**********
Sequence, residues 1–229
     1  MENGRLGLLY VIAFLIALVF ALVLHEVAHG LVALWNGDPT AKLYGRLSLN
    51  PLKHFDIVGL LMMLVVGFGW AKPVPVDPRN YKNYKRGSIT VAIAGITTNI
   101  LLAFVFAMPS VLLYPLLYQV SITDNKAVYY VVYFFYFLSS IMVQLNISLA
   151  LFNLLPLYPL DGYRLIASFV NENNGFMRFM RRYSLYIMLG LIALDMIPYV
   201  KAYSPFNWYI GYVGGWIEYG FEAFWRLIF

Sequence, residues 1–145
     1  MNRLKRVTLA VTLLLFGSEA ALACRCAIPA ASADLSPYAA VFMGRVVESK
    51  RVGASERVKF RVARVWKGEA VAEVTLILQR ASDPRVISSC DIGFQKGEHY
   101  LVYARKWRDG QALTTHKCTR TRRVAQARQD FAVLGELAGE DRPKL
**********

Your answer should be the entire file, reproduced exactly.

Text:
Sequence, residues 1–229
     1  MENGRLGLLY VIAFLIALVF ALVLHEVAHG LVALWNGDPT AKLYGRLSLN
    51  PLKHFDIVGL LMMLVVGFGW AKPVPVDPRN YKNYKRGSIT VAIAGITTNI
   101  LLAFVFAMPS VLLYPLLYQV SITDNKAVYY VVYFFYFLSS IMVQLNISLA
   151  LFNLLPLYPL DGYRLIASFV NENNGFMRFM RRYSLYIMLG LIALDMIPYV
   201  KAYSPFNWYI GYVGGWIEYG FEAFWRLIF

Sequence, residues 1–145
     1  MNRLKRVTLA VTLLLFGSEA ALACRCAIPA ASADLSPYAA VFMGRVVESK
    51  RVGASERVKF RVARVWKGEA VAEVTLILQR ASDPRVISSC DIGFQKGEHY
   101  LVYARKWRDG QALTTHKCTR TRRVAQARQD FAVLGELAGE DRPKL